Getting Started with Python + IDE

Libraries exist in R and Python for downloading tweets, however the majority of webhosts don’t support R but they do tend to support Python. Since we want to download tweets around the clock then we want the scripts to run on a webhost (the cheaper the better) hence this post on python.

I considered running a server at home but when you consider the electricity bill it actually works out significantly cheaper to use a webhost (saves ~£80 a year).

To get started with Python I’d recommend downloading it’s multi-platform, has a good community and a ton of great packages for scientific analysis.

Visit for a comprehensive tutorial on how to program in python.




Trading Strategies To Exploit Blog, News & Twitter Sentiment (Paper)

Trading Strategies To Exploit Blog and News Sentiment (Paper)

I just came across this paper and wanted to document it here for something to come back to and test for myself, hopefully you will find it as interesting as I did.

The method has four Parameters:

  • Sentiment Analysis Period – How many days of previous sentiment data to use?
  • Holding Period – How long to hold a trade for?
  • Market Capitalization – Do small cap and large cap respond the same?
  • Diversification – How many stocks to have in the portfolio?

Each of the trading model parameters is also analysed and their effects explained.The paper outlines a market neutral sentiment based trading algorithm which is back tested over a five year period (2005-2009) and produces some exceptionally impressive returns almost 40% in certain years depending on configuration. 

What i like most about the paper is that the asset to trade is selected based upon a fixed criteria (ie is it in the top n most extreme sentiments), this stops positive bias effects whereby the author could just present profitable scenarios / cherry pick the results.

The sentiment is based upon analysing news posts, blog posts and tweets. Since twitter only came into existence in 2009 the authors only had half a years worth of twitter data to analyse. The great results in this paper were achieved without twitter data using normal news and blog sources.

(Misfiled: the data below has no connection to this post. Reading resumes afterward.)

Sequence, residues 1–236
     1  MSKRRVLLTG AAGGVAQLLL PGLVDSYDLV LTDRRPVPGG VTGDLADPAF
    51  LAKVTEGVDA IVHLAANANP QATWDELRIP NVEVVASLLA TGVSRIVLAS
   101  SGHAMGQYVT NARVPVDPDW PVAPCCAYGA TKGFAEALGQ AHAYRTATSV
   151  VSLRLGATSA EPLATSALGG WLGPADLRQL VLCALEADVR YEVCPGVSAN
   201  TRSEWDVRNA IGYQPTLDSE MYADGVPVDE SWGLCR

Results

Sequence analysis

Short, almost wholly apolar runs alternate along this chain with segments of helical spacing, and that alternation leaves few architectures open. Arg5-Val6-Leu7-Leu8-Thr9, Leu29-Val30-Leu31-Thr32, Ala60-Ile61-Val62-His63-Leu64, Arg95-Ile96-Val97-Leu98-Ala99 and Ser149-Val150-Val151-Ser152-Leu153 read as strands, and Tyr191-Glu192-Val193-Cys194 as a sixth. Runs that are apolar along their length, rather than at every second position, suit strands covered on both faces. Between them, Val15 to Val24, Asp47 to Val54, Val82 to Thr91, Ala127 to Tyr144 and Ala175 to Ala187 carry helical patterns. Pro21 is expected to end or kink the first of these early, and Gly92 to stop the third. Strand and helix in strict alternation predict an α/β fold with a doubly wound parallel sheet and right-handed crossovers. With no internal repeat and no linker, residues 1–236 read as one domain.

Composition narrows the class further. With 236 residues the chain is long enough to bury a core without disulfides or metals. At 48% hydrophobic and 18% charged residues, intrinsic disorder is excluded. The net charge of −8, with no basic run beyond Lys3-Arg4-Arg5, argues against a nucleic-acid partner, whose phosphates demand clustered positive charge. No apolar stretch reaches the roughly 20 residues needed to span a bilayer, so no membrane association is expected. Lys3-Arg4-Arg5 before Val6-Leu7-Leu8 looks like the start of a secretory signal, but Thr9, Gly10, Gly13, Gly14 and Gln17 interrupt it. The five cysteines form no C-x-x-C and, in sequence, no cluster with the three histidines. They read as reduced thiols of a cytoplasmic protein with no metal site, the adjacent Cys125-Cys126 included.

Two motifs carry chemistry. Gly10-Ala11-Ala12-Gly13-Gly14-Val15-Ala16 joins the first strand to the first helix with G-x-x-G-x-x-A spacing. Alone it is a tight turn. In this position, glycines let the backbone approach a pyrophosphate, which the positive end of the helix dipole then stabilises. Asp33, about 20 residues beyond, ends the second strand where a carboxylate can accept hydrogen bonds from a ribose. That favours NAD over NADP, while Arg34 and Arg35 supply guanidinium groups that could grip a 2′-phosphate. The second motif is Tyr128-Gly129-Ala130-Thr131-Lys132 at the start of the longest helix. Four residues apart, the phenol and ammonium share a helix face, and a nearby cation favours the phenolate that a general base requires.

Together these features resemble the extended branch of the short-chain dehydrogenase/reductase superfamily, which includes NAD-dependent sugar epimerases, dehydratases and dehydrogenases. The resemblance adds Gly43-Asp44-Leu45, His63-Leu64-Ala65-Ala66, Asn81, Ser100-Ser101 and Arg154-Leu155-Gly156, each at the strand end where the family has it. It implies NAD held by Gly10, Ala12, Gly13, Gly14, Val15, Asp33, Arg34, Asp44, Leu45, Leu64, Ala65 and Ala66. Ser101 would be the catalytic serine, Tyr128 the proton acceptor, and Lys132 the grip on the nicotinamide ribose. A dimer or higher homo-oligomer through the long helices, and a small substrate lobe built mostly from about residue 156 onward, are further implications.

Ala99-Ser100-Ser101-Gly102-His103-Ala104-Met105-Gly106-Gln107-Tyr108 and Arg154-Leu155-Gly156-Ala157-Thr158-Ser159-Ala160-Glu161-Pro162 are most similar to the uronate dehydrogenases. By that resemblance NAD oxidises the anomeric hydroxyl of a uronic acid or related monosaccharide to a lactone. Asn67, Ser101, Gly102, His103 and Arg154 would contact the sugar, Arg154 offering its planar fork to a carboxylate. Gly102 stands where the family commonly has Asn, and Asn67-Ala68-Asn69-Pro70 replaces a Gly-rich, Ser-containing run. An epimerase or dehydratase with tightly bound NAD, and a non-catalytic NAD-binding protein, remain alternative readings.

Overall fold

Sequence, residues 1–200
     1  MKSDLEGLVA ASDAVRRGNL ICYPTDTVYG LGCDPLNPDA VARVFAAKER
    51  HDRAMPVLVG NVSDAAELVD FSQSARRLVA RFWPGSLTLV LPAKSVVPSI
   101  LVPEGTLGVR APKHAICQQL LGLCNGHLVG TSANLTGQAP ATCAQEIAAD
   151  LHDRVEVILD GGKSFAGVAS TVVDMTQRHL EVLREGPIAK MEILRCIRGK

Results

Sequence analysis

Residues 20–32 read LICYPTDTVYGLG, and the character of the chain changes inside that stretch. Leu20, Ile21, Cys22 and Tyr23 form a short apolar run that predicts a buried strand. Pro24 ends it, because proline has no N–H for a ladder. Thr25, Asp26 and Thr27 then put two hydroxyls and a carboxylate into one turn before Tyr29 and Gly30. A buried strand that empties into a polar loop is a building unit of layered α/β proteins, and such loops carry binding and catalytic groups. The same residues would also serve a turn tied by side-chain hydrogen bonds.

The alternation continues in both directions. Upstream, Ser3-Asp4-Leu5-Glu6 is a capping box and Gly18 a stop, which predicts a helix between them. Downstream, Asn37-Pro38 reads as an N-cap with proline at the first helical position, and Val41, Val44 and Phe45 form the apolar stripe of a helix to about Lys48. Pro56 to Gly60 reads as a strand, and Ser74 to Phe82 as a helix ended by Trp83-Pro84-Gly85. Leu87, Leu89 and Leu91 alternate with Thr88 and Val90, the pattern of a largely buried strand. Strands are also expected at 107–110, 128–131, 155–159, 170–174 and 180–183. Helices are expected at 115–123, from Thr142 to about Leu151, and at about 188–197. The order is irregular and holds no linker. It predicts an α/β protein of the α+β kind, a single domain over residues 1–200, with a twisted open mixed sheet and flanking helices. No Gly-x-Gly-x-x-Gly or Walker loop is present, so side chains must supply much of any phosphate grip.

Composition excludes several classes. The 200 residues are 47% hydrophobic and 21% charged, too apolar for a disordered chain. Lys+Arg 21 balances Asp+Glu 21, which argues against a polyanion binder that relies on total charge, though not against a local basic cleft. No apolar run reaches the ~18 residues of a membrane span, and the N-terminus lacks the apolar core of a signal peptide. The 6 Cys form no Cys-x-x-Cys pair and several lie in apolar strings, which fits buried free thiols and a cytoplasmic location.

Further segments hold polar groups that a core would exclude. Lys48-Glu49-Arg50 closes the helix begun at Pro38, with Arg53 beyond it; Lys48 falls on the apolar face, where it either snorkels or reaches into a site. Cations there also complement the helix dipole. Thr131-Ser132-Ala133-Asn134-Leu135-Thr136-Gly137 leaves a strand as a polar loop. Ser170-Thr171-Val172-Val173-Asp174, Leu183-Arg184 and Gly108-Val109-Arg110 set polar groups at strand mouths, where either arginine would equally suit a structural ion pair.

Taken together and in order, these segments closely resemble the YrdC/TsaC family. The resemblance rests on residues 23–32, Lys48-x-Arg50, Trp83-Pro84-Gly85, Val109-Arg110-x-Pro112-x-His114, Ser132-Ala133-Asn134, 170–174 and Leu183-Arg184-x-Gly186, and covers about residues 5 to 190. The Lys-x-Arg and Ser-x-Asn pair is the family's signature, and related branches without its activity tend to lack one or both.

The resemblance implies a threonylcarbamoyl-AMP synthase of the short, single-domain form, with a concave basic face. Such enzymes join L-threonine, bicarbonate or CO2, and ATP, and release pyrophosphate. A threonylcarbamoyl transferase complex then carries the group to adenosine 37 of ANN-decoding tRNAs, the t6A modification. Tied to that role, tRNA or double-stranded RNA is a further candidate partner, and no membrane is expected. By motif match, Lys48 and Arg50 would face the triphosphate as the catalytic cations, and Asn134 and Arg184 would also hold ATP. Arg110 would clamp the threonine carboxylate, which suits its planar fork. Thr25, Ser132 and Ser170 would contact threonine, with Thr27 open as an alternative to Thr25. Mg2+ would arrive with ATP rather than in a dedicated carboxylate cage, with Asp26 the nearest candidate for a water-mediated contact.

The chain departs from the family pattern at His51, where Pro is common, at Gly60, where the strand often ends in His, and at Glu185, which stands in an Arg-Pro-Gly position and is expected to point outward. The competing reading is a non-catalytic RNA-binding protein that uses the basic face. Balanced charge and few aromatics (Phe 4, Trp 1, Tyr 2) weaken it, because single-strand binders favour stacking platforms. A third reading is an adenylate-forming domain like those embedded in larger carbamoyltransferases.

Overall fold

The paper shows that corpus size matters, using blogs might be a cheaper method to collect a corpus (scrape lots of RSS feeds), whereas with twitter there are limitations to what data you can get for free (full datafeeds start at $3500 a month!!!!).




PerformanceAnalytics Basics – Measure Strategy Performance and Risk

In this quick tutorial I will introduce the PerformanceAnalytics library, the library lets us easily analyse the performance of our strategies. In this tutorial you will learn how to plot cumulative returns and draw downs compared to an index, output a table of monthly performance metrics, use boxplots to investigate strategy outliers and finally plot histograms of returns and overlay with different statistical measures.

You will need some returns data for this tutorial, I have created a file with some returns in to get you started: strategyperfomance.csv

The three image outputs are:

The text output is:

      Jan  Feb  Mar  Apr  May  Jun  Jul  Aug  Sep  Oct  Nov  Dec Strategy1 Strategy2 Index
2005  1.8  0.0 -0.3  1.9  1.4  1.4  0.7  1.3  0.7  0.0  1.2  1.2      12.0       9.2   9.6
2006  0.1  0.9  0.9  1.4  1.0  1.8 -1.7  0.4  1.0  0.2  0.1  0.5       6.9       4.0   6.3
2007  1.5  0.5  0.4 -0.9  1.3  1.8 -2.9 -0.3 -0.2 -1.1 -1.3  0.5      -0.9      -4.5  -3.7
2008  1.8 -1.0  3.5  1.5  0.2 -2.4 -1.0 -1.3  1.3  2.1 -5.3  2.9       1.9       0.4  -0.9
2009 -2.0 -4.4  0.5 -0.5  2.4  3.1  2.0 -0.6 -1.9  1.6  2.2  1.7       3.8      -0.5   0.8
2010  1.4  1.1 -0.8 -3.0 -0.1 -3.3  2.6  4.1  1.4  0.2  2.8  1.5       8.0       8.3   8.6
2011  0.9 -0.2  0.7  1.0 -1.3  2.5  0.6  0.5 -0.5 -2.0 -0.5 -0.6       1.0      -1.2  -1.5

Onto the code:

?View Code RSPLUS
install.packages("PerformanceAnalytics") #Install the PerformanceAnalytics library
library("PerformanceAnalytics") #Load the PerformanceAnalytics library
#Load in our strategy performance spreadsheet
#Structure is: Date,Strategy1,Strategy2,Index
#Each row contains the period returns (% terms)
strategies <- read.zoo("strategyperfomance.csv", sep = ",", header = TRUE, format="%Y-%m-%d")
#List all the column names to check data loaded in correctly
#Can access colums with strategies["columnname"]